And, as I said, you can’t spot reduce, so doing hundreds of sit-ups will do nothing to remove the fat. Only a proper fat loss diet plan will do that. And if you incorporate some effective cardio workouts into your weekly routine, that will help to improve results still further.
Myth 3: The “Bodybuilder Style” Bench Press Gives Better Chest Isolation
Bodybuilder style bench pressing involves flaring your elbows out to the sides and lowering the bar to touch your upper chest. And although this may put a tiny bit more emphasis on the pecs, and a tiny bit less on the triceps, it’s really not enough to make any difference.
But bench pressing this way puts much more stress on the shoulder joints, and over time this will cause a lot of damage. So always tuck your elbows when bench pressing, and lower the bar to touch your chest at around nipple level, or a shade below.
Myth 4: Wide Grip Pull-Ups and Pulldowns Develop Wider Lats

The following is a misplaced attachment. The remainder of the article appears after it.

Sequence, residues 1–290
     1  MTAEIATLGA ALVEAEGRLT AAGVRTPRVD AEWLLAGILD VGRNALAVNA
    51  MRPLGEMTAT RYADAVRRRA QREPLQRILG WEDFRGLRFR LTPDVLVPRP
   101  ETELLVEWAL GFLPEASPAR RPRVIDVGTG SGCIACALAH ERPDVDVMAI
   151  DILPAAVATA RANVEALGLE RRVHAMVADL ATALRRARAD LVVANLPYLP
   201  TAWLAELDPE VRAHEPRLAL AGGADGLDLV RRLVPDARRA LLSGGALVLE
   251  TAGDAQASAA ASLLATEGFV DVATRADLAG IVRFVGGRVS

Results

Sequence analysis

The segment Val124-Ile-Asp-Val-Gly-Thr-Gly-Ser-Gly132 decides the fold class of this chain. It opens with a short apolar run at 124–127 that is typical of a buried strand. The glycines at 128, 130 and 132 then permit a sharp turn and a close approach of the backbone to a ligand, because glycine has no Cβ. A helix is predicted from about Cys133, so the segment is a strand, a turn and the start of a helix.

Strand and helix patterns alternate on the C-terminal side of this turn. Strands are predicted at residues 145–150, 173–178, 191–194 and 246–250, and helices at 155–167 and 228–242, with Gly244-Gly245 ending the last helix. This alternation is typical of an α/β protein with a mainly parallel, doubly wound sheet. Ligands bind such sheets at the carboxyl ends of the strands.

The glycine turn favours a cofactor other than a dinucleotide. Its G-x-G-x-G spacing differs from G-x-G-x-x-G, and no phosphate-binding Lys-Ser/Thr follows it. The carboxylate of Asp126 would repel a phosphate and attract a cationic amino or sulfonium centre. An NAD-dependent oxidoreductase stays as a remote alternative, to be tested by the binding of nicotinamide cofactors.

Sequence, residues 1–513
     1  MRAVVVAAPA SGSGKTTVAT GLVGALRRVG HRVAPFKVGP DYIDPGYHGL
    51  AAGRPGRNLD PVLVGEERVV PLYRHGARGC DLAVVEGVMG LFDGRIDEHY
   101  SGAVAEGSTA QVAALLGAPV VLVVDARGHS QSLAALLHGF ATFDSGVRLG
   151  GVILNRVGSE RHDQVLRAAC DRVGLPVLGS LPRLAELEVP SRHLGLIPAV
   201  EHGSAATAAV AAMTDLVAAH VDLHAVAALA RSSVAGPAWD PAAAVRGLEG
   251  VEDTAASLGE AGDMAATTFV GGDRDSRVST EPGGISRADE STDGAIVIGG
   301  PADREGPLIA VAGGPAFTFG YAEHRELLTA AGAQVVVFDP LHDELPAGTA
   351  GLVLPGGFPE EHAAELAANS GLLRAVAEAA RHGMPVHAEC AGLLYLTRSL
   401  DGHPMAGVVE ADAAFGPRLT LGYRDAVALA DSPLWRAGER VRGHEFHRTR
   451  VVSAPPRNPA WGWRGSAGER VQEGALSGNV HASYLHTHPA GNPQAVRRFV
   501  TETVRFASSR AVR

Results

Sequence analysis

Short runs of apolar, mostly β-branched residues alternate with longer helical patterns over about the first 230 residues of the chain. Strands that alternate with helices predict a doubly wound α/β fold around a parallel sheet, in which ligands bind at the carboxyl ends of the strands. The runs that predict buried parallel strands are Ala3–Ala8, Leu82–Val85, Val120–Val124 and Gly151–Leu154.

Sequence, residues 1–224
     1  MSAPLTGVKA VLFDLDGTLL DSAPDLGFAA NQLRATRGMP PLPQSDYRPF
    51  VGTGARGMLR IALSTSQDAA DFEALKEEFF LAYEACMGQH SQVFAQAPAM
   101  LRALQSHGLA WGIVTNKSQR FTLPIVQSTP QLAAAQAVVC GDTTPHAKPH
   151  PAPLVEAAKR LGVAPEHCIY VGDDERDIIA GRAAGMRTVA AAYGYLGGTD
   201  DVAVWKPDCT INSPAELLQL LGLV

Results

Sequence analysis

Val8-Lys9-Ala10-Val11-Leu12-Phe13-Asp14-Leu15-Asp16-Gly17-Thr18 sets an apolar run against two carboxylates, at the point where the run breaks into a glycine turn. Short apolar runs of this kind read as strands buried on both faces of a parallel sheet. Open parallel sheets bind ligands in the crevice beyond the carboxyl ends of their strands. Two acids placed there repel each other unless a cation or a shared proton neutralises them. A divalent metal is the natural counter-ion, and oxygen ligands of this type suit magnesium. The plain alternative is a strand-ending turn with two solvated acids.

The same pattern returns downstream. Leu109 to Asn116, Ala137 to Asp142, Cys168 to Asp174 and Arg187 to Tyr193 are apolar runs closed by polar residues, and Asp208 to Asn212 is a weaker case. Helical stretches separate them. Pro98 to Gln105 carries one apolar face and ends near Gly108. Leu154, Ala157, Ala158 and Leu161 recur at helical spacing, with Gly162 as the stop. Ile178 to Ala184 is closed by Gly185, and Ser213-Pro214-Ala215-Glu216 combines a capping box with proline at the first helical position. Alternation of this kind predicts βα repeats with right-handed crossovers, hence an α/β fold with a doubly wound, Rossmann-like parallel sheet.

The idea that you can build wider lats by using a wider grip on your pull-ups and pulldowns is again a myth. It will have a negligible effect at best. And all it will really do is reduce your range of motion and again put more stress on your shoulder joints, which is likely to lead to damage over time. So just use a medium (or close) grip on these exercises.
Myth 5: Lower Reps Are for Strength Only, Not Size
Many people believe that only sets of 8–12 reps will build muscle, and anything less than 8 is only useful for building strength.
But the truth is that many people (particularly skinny hardgainers) will actually do better by training in the 6–10 rep range. And even 4 or 5 reps can increase muscle size very effectively, especially for those who have not been training that long.
And, apart from that, increasing your strength is a vital part of what it takes to increase muscle size anyway, as the stronger you are, the more weight you’ll be able to use for your higher rep sets. And that will give rise to more muscle growth.
So for best results, you should use a combination of lower and higher reps.
Myth 6: You Should Constantly Change Your Workouts to “Confuse Your Muscles”